Chicago Theatre

175 N. State Street,
Chicago, IL 60601

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Showing 151 - 175 of 273 comments

dqualley
dqualley on January 14, 2007 at 10:20 pm

In the 80’s when David Letterman was at NBC, he took his show to the Chicago for a week.

CHICTH74
CHICTH74 on January 14, 2007 at 8:01 pm

A P.S. to my post above,
The Eric Zorn web blog is “ A Change of Subject"
And the "Prince Castle Hamburgers” were square,the ice-cream was also square.
And “CockRobin” was the 2nd encarnation i think that their are still some around. Thank you for your time:)

CHICTH74
CHICTH74 on January 14, 2007 at 7:38 pm

As Per PAUL FORTINIs comment on Jan 14th 2007 I think the name of the hamburger place that you were refering to was "PRINCE CASTLE HAMBURGERS" not "KING CASTLE" if you "Google" "Prince Castle Hamburgers" you will come a cross something from the Tribs Eric Zorn a web blog called “CHANG OF SUBJECT” he and the people who post memories of the past mention “Prince Castle”.
It was eather the 1st encarnation on the “COCKROBIN” chain or may be the 2nd i am not sure, only thing is that what i find is that the Ice Cream was square i am not sure about the hamburgers. Also could the theatre be eather the UA or the LOOP?
Thank you for your time :)

CHICTH74
CHICTH74 on January 14, 2007 at 6:42 pm

That makes sence.

Broan
Broan on January 14, 2007 at 10:10 am

I think the writer meant to indicate (by saying “as they always can”) that Chicago being the way it is, inspectors could cite pretty much anything to justify closing it if they so desired, regardless of whether it was a real issue or not.

Paul Fortini
Paul Fortini on January 14, 2007 at 9:18 am

Per Cinemaven’s comment of 12/16/2006.

The hamburger place you’re referring to may have been “King Castle.” I think the chain existed ‘til the early 1980s and , yes, they served “White Castelesque” burgers.

As for the State-Lake, it was never demolished. The building now houses WLS-TV (ABC Channel 7) studios.

CHICTH74
CHICTH74 on January 14, 2007 at 3:33 am

Thank Your post, it sheds some more light on to the Rialto.
If you find out any thing else please post it.
Also did the Trib say anything in detail about the ordinance violations, their must have ben a whole bunch if it had more then the Iroquois did. I guess that thay used the Chicago as “tie in” to the name of the show. Well thank you for your time.

Broan
Broan on January 13, 2007 at 9:52 pm

Now here’s a neat fact for fans of the musical and film “Chicago”. Although the film’s big theatre scene is depicted as being at the Chicago, the real-life counterpart happened at the other end of the loop – at the Rialto. Found in a 1980 Trib article: “The only trouble with [1920 state’s attorney Robert E.] Crowe was that he kept losing cases. For some reason there was a rash of murders about that time — four or five of them — in which wives or girlfriends were indicted for killing their companions. They were all acquitted and with each acquittal the Rialto Theater, at State and Van Buren, would book as part of their show the freed and notorious woman. It was embarrassing to Crowe; his failures went up in lights. [Mayor William Hale] Thompson handled the situation. He sent a platoon of city inspectors to the Rialto; and they found, as they always can, more violations of city ordinances than were ever imagined at the Iroquois Theater. Thompson said he would have the place closed if they didn’t stop booking the women who had beaten the rap against Crowe.”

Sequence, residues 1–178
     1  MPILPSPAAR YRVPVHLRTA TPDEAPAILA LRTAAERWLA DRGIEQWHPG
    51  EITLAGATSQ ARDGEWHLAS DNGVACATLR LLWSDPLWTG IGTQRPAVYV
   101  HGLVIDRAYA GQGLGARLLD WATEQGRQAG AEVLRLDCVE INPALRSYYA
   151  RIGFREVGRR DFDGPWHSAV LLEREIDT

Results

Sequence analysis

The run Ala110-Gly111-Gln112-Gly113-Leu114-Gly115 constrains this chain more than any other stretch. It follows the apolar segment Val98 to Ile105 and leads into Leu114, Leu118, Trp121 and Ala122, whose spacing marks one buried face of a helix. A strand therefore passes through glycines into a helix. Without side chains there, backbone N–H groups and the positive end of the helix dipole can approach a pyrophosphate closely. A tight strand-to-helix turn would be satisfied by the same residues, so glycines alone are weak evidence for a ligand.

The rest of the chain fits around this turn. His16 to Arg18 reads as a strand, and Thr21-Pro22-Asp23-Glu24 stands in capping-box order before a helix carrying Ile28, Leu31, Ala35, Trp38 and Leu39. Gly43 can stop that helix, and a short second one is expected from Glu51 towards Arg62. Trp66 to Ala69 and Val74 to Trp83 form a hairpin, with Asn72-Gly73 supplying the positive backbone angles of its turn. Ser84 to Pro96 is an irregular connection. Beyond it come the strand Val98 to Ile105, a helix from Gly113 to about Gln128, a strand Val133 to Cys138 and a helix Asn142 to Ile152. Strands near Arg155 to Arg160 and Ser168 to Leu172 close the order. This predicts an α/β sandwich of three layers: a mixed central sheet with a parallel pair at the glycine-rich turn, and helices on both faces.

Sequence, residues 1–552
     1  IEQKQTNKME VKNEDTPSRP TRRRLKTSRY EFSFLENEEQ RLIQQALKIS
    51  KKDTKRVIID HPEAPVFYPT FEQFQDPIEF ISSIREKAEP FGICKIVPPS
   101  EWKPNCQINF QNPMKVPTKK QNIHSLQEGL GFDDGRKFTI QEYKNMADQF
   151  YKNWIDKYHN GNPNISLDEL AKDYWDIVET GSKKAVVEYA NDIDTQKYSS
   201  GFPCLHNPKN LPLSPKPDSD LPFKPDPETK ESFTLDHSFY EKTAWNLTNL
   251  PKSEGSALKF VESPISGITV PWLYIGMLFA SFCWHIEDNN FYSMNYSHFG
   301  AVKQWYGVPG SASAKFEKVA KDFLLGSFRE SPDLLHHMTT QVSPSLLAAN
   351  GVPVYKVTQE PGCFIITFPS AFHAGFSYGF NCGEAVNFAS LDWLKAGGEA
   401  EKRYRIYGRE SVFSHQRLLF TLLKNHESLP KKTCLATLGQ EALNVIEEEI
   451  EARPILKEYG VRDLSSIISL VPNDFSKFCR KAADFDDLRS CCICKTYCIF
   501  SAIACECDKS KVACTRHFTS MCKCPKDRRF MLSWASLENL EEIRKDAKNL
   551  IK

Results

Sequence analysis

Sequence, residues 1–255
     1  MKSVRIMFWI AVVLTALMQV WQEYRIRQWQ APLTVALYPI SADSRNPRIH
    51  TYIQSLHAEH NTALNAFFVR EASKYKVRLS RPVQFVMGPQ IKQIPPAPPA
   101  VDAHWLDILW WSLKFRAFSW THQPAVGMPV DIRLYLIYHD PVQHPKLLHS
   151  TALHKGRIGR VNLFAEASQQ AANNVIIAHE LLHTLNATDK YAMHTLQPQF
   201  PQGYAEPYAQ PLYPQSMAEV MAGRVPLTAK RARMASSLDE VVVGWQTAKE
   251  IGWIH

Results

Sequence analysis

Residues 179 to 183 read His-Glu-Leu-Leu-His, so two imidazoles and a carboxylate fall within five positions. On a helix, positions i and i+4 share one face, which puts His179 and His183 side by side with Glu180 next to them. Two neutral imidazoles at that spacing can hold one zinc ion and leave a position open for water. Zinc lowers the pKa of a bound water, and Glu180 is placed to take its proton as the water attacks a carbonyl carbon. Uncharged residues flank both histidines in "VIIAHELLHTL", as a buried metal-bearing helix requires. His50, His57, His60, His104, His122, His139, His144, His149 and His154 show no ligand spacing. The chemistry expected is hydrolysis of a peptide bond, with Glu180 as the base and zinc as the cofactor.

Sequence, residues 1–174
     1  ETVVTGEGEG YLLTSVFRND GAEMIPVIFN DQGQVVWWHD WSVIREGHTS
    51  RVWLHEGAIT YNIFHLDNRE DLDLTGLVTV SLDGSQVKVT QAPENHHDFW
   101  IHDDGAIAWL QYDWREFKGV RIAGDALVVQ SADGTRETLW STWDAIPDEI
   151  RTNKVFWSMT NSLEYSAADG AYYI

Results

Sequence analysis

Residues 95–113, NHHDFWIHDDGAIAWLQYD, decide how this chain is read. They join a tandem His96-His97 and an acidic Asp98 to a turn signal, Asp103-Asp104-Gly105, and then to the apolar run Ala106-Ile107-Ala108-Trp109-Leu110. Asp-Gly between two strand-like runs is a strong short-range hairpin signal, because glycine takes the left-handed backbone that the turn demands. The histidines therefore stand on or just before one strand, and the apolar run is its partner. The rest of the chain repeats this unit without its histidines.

Broan
Broan on December 16, 2006 at 2:35 pm

That would be the State-Lake.

DimitriusStrong
DimitriusStrong on December 16, 2006 at 2:11 pm

I remember when I was very young and I was taken to see the film “E.T.-The Extra-Terrestrial” for the first of what would be probably ten times in 1982 alone in the Chicago theater. I also remember there was a theater directly across the street where we went to see “John Carpenter’s The Thing” after “E.T.”, however I cannot recall the name of the theater which sat across from the Chicago. I also remember next to that theater was a restaurant that served White Castle-style burgers which we used to dine afterwards. I was wondering if anyone who knows could jog my memory on what theater that was across from the Chicago? I seem to remember it was one of the first of the eventually demolished downtown movie houses to go. Thanks in advance.

Broan
Broan on November 20, 2006 at 10:03 am

A 1927 video clip of the Chicago’s marquee can be seen by searching for 26130 at http://www.wttwdigitalarchives.com/searchres.php 1951 views by searching for 25327, 25328, or 25330. 1954 views by searching 26438 or 26439.

VintageBob
VintageBob on November 14, 2006 at 9:08 am

Wow! Brian, those are some fantastic pics! Thanks so much! :–)

Broan
Broan on November 5, 2006 at 3:14 pm

Here are updated links to my June, 2005 post. Plus more.

From Russell Phillips' Galleries:

1982 (pre-restoration) photos of:
Auditorium Entry and Proscenium
Men’s Lounge
Grand Stair Detail
Ladies Lounge
Foyer with Vending Machine
Stair Landing & Mezzanine
Auditorium from Balcony
Auditorium, Lower Level

Broan
Broan on November 1, 2006 at 12:20 pm